As I mentioned, I joined the project in order to alleviate some of the development struggles. Both the team and myself felt that the prototype ROM didn’t match up to the quality of the rest of the series.
So we recreated almost every round, even though the game was already in the final phase of development at the time. The biggest change we made was to the main character’s physical abilities. Even though there was a variety of moves available – running, a jumping dive kick and even the ability to wall jump – the level designs consisted primarily of enclosed spaces that didn’t make best use of those actions. Even I felt confined when I played it. So I expanded the levels to more than twice their original size, allowing the player much more room to run and use the dive kick. In the end, this added greater speed and fluidity to the game.
The game featured a suite of extreme enemies, including mutants and Godzilla-like robot monsters. How did you devise the creatures?
The team wanted to evolve certain aspects of The Super Shinobi, and we thought we could make fights much more preposterous by creating enormous bosses, such as robots and gigantic extraterrestrials. Another aim of ours was to highlight the power of the evil Zeed crime organisation by including some impressive examples of its infrastructure, such as a flying fortress.
“There were many in the team who liked the world of cyberpunk, so the design of the buildings and mechanisms was influenced by Blade Runner and Appleseed. A few of the rounds referenced scenes from James Bond films and the manga comic Cobra.”
What is the most important element to get right when directing a hack and slash or beat ’em up game?
I placed great emphasis on making The Super Shinobi II a cool game to play, so I spent a lot of time adjusting the size of the levels and playing them over and over, changing the arrangement of enemies and items. In game design, even a minor change in the height of a foothold, for example, or the inclusion of a particular enemy can produce varying levels of calm or stress in the player. Moreover, in designing the rounds I became obsessed with the placement of power-ups. I hid them in places where you normally wouldn’t think to go. Please try to find them all!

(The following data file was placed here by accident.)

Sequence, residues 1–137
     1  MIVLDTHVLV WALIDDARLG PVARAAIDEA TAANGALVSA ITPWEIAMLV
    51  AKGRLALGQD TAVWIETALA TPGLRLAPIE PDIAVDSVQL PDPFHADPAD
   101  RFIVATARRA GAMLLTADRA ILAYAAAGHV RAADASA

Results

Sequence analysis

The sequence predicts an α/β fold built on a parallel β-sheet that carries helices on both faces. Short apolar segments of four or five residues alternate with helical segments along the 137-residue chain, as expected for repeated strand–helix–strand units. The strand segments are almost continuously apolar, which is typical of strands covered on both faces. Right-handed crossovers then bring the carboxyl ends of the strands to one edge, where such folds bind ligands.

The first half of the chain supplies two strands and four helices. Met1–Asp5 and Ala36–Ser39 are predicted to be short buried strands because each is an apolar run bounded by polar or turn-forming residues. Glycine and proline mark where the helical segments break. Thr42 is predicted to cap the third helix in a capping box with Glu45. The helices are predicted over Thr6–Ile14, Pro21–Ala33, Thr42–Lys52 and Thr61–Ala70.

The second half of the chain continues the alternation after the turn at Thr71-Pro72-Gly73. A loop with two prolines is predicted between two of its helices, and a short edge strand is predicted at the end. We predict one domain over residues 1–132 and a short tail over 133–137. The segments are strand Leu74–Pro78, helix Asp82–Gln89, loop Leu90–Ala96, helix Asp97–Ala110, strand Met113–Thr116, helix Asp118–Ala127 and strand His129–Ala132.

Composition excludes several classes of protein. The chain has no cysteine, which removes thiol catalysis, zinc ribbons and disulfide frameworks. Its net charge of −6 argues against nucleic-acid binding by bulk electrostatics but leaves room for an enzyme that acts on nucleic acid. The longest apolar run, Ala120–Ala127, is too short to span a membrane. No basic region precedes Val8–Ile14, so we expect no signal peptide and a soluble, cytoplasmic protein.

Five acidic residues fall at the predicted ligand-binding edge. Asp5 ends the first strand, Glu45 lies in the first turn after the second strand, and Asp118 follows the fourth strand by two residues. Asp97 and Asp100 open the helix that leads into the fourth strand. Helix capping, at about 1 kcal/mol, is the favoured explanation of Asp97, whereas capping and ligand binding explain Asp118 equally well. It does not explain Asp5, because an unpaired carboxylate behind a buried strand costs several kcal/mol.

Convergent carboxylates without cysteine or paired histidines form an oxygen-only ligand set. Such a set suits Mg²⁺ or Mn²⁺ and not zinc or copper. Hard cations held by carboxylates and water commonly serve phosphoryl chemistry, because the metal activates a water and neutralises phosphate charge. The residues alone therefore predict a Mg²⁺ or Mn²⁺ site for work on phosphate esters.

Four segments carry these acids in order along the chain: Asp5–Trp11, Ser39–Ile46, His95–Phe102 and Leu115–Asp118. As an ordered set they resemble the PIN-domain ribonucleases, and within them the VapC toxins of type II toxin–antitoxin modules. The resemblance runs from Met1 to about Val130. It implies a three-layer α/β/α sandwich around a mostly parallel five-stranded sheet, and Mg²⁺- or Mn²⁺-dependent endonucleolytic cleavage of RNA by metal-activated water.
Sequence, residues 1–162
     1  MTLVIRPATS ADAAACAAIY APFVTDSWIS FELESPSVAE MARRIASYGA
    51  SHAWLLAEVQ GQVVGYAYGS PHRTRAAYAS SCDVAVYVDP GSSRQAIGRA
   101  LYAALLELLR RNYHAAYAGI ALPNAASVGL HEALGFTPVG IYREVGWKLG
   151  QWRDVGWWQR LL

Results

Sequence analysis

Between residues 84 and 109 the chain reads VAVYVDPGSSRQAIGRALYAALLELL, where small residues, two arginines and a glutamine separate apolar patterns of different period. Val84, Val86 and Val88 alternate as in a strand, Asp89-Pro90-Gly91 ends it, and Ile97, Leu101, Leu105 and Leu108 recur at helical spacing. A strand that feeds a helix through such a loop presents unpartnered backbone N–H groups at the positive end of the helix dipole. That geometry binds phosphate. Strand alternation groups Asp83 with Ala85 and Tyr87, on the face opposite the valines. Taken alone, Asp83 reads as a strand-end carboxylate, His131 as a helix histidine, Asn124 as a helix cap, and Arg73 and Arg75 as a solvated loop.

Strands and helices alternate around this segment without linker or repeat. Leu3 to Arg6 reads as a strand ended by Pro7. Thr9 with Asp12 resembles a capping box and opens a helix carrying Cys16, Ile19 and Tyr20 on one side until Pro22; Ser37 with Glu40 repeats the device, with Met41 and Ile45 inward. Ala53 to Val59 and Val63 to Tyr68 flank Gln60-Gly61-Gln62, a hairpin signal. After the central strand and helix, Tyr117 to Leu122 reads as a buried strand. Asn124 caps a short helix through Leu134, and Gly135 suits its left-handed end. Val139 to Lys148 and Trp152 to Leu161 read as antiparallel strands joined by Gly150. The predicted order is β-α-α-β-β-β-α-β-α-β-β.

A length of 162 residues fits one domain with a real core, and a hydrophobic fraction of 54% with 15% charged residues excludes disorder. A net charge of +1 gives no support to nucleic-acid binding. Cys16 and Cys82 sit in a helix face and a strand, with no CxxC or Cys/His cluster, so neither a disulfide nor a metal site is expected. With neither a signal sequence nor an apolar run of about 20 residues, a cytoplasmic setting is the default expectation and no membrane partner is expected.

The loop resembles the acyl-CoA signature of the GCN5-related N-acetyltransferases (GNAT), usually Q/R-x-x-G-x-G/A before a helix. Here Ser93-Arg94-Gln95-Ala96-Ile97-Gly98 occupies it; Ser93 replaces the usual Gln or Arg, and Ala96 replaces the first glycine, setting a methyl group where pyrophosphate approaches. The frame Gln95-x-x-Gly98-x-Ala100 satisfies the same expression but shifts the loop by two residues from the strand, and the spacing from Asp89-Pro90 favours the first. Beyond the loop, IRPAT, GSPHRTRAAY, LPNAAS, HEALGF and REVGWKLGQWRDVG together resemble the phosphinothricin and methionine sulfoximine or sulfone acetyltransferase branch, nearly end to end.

Did the team draw on any particular influences whilst making the game?
There were many in the team who liked the world of cyberpunk, so the design of the buildings and mechanisms was influenced by Blade Runner and Appleseed. A few of the rounds referenced scenes from James Bond films and the manga comic Cobra.
Were there any major challenges in developing for the Mega Drive?
The Super Shinobi II was an 8-megabit ROM and it was very hard to work within this fixed capacity. I tried several in-house compression techniques and eventually managed to get the program down to the necessary size. The features of the Mega Drive were relatively simple but it was an excellent console that allowed us to use a lot of clever programming tricks. The animated Sega logo that appears at the start of The Super Shinobi II, for example, was created by one of our programmers as a test to work around the hardware’s inability to scale sprites.
What did The Super Shinobi II teach you about development, and what were your fondest memories of making it?
It wasn’t so much about learning technical skills. It was more about appreciating the importance of teamwork in game development. Although programmers, artists and sound technicians play different roles, it is vital to create a working environment in which everyone can share their opinions, regardless of hierarchy. The Super Shinobi II is a piece of work that I and the other team members devoted all of our energies to, and for us it is a precious treasure.
On a personal level, what are your favourite Mega Drive games?
Among many good games, the first one that comes to mind is ToeJam & Earl. I was totally knocked out by it from the first time I played it. It was so funky and cool [Laughs]. I got a real sense of the developers’ spirit, personality and passion for the game from its sheer quality.
This interview was taken from Sega Mega Drive/Genesis: Collected Works, by Keith Stuart and published by Read-Only Memory. The lavishly produced hardback book features development artwork, design documents and game artwork for Mega Drive/Genesis games including Streets of Rage, Sonic The Hedgehog and Toejam & Earl, as well as concept paintings, hardware drawings and interview with original Sega developers. It’s available from the Read-Only Memory website.